|[May 21, 2014]
"Social Smoking" Common Term Among College Crowd; Many "Graduate" to Daily Smoking
PHOENIX --(Business Wire)--
Commencement is now behind many college seniors. Some may have
identified with being "social smokers" through college, but the pomp and
circumstance milestone will force them to make good on their promise to
family, spouses and friends: "I'll quit when I graduate."
While the promise is common among young adult smokers to quit after
certain milestones in their lives, like graduation, the task will prove
to be more monumental than they think, given the addictive nature of
nicotine. A paper by the Society for Research on Nicotine and Tobacco says
that 1 out of every 2 college freshmen who smoke at low levels will
still be smoking when they are seniors and that as many as 30 percent
will convert to daily smokers.
"Freshmen who smoke on occasion will likely become more frequent smokers
as time goes by," said Courtney Ward, ADHS BTCD Chief, Office of Tobacco
Prevention & Cessation. "Most deny being smokers using the term 'social
smoker,' which implicitly discounts dependence, however, we know that
nicotine is highly addictive and over time, smokers train their brain to
need more of it."
Ideas about what a social smoker is or isn't are at the heart of a lot
of anti-smoking research. Young adults rationalize their smoking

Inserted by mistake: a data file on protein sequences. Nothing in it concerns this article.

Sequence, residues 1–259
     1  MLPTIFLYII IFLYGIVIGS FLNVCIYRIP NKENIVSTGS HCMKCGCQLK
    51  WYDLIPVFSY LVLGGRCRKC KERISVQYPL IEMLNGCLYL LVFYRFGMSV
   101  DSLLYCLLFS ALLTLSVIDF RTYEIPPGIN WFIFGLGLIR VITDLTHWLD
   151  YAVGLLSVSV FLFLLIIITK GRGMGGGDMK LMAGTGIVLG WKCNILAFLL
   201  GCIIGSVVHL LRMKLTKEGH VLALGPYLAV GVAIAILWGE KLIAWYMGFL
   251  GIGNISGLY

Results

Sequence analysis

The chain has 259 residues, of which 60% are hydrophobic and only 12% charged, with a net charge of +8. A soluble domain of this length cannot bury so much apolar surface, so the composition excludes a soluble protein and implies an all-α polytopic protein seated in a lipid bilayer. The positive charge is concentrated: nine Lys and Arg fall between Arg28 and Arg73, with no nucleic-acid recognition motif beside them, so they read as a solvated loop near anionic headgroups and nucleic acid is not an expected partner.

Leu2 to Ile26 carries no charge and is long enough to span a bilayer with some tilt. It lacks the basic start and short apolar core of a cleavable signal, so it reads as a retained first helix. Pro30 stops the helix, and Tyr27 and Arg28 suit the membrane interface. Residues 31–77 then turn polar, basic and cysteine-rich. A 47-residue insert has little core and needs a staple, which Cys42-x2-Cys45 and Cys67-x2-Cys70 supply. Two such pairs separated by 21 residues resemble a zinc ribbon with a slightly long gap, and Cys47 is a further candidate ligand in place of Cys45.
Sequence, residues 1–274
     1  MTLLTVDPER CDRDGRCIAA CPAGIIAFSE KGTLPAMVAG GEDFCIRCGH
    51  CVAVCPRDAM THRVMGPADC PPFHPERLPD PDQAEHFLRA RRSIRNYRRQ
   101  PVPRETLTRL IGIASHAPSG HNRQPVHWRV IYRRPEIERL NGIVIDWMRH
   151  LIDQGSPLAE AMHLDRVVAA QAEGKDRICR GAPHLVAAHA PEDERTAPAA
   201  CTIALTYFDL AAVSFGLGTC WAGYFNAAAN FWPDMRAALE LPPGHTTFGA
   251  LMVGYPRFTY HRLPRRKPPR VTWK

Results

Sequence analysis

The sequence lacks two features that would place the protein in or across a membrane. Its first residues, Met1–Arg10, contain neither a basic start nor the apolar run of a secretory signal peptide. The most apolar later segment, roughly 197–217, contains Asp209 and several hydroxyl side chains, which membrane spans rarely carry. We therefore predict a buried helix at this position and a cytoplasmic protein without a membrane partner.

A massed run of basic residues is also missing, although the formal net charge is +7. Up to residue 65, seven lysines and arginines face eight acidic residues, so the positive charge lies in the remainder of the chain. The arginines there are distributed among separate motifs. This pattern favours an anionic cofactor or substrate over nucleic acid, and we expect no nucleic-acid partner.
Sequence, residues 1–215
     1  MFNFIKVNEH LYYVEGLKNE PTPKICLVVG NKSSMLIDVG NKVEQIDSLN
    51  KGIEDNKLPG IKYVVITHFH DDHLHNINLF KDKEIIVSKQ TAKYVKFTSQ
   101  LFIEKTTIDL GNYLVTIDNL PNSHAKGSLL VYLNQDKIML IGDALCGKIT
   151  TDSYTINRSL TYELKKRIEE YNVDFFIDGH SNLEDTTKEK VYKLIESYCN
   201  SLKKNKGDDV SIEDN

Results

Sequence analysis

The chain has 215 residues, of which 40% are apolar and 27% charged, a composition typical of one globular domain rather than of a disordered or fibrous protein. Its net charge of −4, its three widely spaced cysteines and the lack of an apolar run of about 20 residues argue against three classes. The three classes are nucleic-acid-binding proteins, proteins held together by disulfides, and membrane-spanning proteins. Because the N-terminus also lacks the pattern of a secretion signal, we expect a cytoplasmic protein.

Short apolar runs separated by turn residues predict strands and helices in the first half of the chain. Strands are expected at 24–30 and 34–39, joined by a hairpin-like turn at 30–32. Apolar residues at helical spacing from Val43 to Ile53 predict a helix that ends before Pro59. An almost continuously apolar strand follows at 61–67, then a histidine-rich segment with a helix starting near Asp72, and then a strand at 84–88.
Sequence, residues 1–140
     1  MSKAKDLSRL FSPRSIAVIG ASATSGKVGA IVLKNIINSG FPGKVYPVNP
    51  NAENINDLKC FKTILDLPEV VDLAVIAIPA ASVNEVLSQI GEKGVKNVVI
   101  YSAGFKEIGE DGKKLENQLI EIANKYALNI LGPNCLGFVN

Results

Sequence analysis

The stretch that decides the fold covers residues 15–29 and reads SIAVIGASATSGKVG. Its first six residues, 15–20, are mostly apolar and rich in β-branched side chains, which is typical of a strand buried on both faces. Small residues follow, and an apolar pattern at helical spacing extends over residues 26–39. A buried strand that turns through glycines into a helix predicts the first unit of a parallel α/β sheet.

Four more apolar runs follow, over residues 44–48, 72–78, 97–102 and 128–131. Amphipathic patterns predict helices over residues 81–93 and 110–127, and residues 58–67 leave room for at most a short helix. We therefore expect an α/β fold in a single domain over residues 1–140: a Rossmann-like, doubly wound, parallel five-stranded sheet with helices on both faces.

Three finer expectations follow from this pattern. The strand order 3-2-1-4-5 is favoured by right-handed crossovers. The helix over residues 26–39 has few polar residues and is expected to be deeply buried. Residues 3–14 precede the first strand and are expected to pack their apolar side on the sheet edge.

ehavior by saying that they only smoke during certain occasions,
like when out with friends, at a bar or maybe only on weekends. However,
according to the 2012 Surgeon General's Report on Tobacco Use Among
Youth and Young Adults, progression from occasional to daily smoking
almost always occurs by age 26.
For those who plan to make good on their promise to quit smoking now
that college is complete, Ward offers some words of advice, "Use the
change to your advantage, create new routines and make a plan to quit."
Other key tips for graduates who plan to follow through on their promise
to quit follow:
Create a new circle of friends this summer. Many occasional
smokers pick up a cigarette when they are with certain groups of
friends who smoke; expand your network to friends who don't smoke.
Stay busy and avoid boredom. Occasional smokers say sometimes
they light up just because they are bored. This summer take a hike,
volunteer at a new organization or try a new activity.
Don't let stress get the best of you. Job hunting or a new job
may be a source of stress. Recognize it before it happens and have an
outlet other than picking up a cigarette.
CIGNAL is Arizona's anti-smoking program aimed at helping adolescent
and young adult smokers. The program offers a website (www.thecignal.com)
with customized tips and advice for young smokers and a toll free
helpline (1-800-55-66-222) where they can talk to quit coaches
specializing in young adult smokers, for free. Visit the program's
Facebook (News - Alert) page at https://www.facebook.com/thecignal.
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